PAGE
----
Preparing for radiation incidents need for volunteers
Sponsored Links
This presentation is the property of its rightful owner.
1 / 22

Preparing for Radiation Incidents & Need for Volunteers PowerPoint PPT Presentation

  • Uploaded on
  • Presentation posted in: General

Georgia RRVC Hands-On Training Workshop, Nov 16th, 2013. Preparing for Radiation Incidents & Need for Volunteers. Armin Ansari, PhD Health Physicist. Topics. The need to prepare for radiation emergencies Public health response to such emergencies The need for volunteers.

Download Presentation

Preparing for Radiation Incidents & Need for Volunteers

An Image/Link below is provided (as is) to download presentation

Download Policy: Content on the Website is provided to you AS IS for your information and personal use and may not be sold / licensed / shared on other websites without getting consent from its author.While downloading, if for some reason you are not able to download a presentation, the publisher may have deleted the file from their server.

- - - - - - - - - - - - - - - - - - - - - - - - - - E N D - - - - - - - - - - - - - - - - - - - - - - - - - -

Presentation Transcript

Georgia RRVC Hands-On Training Workshop, Nov 16th, 2013

Preparing for Radiation Incidents& Need for Volunteers

Armin Ansari, PhD

Health Physicist


  • The need to prepare for radiation emergencies

  • Public health response to such emergencies

  • The need for volunteers

CBRNE(Chemical, Biological, Radiological, Nuclear, Explosive)

  • A nuclear incident involves a nuclear detonation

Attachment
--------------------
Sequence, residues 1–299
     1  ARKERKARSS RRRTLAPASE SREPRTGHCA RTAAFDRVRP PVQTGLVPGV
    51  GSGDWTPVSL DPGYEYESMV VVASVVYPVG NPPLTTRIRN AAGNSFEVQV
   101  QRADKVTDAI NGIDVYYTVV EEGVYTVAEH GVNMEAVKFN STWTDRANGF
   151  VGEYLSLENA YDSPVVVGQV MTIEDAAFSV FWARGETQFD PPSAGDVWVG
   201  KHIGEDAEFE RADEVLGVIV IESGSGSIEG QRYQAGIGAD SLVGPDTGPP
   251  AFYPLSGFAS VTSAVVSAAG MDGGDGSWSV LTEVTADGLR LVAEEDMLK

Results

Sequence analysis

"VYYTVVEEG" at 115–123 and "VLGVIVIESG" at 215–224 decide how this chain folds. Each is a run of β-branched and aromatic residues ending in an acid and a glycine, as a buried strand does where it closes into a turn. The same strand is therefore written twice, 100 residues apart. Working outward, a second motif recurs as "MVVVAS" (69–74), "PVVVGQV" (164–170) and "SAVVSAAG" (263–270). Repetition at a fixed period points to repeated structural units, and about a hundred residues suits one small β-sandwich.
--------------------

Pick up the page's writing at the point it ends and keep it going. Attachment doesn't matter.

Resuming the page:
• A radiological incident does NOT involve a nuclear detonation

Great East Japan Earthquake 2011

Fukushima Daiichi

  • 170,000 evacuated from the 20-km radius

  • 450,000 people in 2600 evacuation centers

  • Environmental and agricultural impact

  • Psychosocial Impact

Monitoring at Shelters & Reception CentersJapan 2011

A Nuclear Incident

  • Improvised Nuclear Device (IND)

    • Different from Strategic Nuclear Weapon

  • Example:

Damage Zones and Fallout Pattern

Public Health Response

Public Health Functions AfterAny Disaster

Rapid assessment of health and medical needs

Sheltering and housing, mass care safety

Injury and illness surveillance

Potable water, safe food, sanitation and hygiene

Vector control

Solid waste, waste water management

Hazardous material disposal


Handling of the deceased

Rumor control

Public service announcements

Would our community be affected?

Affected Communities after Hurricane Katrina

Local Response

  • Plan to receive a large population

    • Potential for contamination

    • Potential for injuries

    • Some may need immediate medical care

    • Most may need shelter/temporary housing

    • All would be stressed

Radiation IncidentsImpact on People

  • Fatality

  • Injury

  • Exposure to radiation

  • Contamination with radioactive material

  • Anxiety

  • Displacement

Population Monitoring

National Response FrameworkNuclear/Radiological Incident Annex

Decontamination/Population Monitoring are:

“the responsibility of State, local, and tribal governments.”

Community Reception Center (CRC)

The place to conduct “population monitoring”

Who will staff them?

Radiation Response Volunteer Corps

CDC, CRCPD, MRC Partnership

March 2011

Georgia MRC GEM– July 2009Peachtree Ridge High School

Orlando, Florida CRC - July 2011Cypress Creek High School

Kansas City, KS - September 2012Kansas National Guard Armory

The Virtual Community Reception Center (vCRC)

  • Web-based training

  • Animated exploration area

  • Interactive flow diagram

  • Embedded video segments

  • Supporting resources

    • Job Action Sheets

    • Forms

    • customizable for jurisdiction

Population Monitoring Guidance

Volunteer Response

“Self-efficacy is the primary predictor of willingness to respond.”

  • Self-efficacy: perceived ability to perform their volunteer duties

  • Response efficacy: their perceived impact on combating the given public health threat

  • Login